Chloe learns that her father, Richard, was just protecting Cooper when he confessed to the murders. Daniel, Chloe’s fiancée, was not a murderer at all and was just acting suspiciously for the sake of the plot. He did help her sister disappear from their household some years back, but that was due to their abusive father.
As I mentioned earlier, there are some clues here and there that might lead the reader to the killer’s real identity early on in the book, but the author does a great job framing them as mere coincidences and red herrings.
Still, there are some moments when it’s heavily – and I mean heavily – implied that Daniel would be the real killer. So much so, that it becomes crystal clear that Daniel is not the one who committed the murders. On the other hand, Cooper’s jealousy and distrust of Daniel are clear indicators for veterans of the genre that not everything is what it seems with Chloe’s brother.
Among the novel’s red herrings is a character named Tyler Price. While his character serves as a somewhat limited deception for the reader, the fact that we’re supposed to believe that he was inclined to help Cooper with his plans just because he’s such a charming guy is a bit difficult to believe.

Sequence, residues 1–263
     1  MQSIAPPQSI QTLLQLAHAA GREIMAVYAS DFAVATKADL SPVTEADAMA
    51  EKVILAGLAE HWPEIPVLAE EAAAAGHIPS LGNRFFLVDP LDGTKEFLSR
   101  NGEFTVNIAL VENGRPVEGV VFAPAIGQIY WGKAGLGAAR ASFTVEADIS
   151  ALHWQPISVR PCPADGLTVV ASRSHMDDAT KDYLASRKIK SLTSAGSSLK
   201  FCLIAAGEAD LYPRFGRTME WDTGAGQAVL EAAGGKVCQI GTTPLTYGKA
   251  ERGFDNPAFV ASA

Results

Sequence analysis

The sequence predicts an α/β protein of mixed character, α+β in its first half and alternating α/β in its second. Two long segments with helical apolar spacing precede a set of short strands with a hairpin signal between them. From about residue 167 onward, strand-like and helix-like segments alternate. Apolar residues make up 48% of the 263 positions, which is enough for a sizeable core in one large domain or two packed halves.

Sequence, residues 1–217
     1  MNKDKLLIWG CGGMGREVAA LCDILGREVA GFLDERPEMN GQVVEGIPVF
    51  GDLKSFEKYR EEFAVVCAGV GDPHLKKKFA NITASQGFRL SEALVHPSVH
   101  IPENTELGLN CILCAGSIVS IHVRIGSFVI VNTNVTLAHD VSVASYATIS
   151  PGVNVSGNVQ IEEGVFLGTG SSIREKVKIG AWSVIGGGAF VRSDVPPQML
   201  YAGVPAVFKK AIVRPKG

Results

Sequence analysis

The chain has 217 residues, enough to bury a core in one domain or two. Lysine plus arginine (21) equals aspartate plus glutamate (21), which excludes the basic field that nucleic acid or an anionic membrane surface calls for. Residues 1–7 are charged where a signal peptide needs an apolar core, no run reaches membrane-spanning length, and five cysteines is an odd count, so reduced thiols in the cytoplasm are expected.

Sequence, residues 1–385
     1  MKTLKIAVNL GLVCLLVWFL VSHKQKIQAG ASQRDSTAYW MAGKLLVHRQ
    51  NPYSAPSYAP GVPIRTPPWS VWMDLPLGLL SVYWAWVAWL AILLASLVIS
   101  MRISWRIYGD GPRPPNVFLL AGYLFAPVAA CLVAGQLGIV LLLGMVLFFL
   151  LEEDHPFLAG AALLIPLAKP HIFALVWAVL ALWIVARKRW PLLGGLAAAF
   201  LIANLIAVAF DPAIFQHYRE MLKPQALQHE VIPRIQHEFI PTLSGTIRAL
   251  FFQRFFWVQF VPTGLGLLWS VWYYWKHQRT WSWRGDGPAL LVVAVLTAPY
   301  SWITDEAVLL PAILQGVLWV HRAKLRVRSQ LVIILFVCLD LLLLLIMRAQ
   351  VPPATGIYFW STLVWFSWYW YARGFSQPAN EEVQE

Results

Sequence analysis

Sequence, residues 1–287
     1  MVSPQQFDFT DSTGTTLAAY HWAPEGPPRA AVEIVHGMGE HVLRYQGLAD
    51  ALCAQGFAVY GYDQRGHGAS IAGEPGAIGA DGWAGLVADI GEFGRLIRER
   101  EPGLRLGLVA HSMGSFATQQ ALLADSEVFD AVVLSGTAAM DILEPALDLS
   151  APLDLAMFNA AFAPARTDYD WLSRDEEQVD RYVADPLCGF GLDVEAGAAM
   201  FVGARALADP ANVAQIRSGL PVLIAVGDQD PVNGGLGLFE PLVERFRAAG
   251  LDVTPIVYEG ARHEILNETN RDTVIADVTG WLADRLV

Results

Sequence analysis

Closing Thoughts on A Flicker in the Dark
Despite its somewhat unlikable protagonist, the drama and compelling thriller elements in A Flicker in the Dark make this novel a worthwhile read for fans of the genre. The “gotcha” moment is immensely pleasing once you’ve pieced all the evidence together, and the fact that it solves not just one, but two different cases in a satisfying manner is just the icing on the cake.
Worth A Read?
Absolutely, though the fact that the plot twist plays such a pivotal role in the novel means that repeat readings might not have the same effect once you already know every twist and turn in the plot.
At 349 pages for the ebook version of the novel, A Flicker in the Dark is more than worth the cost of admission if you’re looking for an exciting thriller that will have you spending nights reading only to reach the book’s satisfying end.
About the Author of A Flicker in the Dark
Stacy Willingham is the New York Times, USA Today and internationally bestselling author of A Flicker in the Dark and All The Dangerous Things.
She earned her BA in magazine journalism from the University of Georgia and MFA in writing from the Savannah College of Art and Design. Before turning to fiction, she was a copywriter and brand strategist for various marketing agencies. Her books are being translated in over 30 languages.
She lives in Charleston, South Carolina, with her husband, Britt, and Labradoodle, Mako, where she is always working on her next book. [StacyWillingham]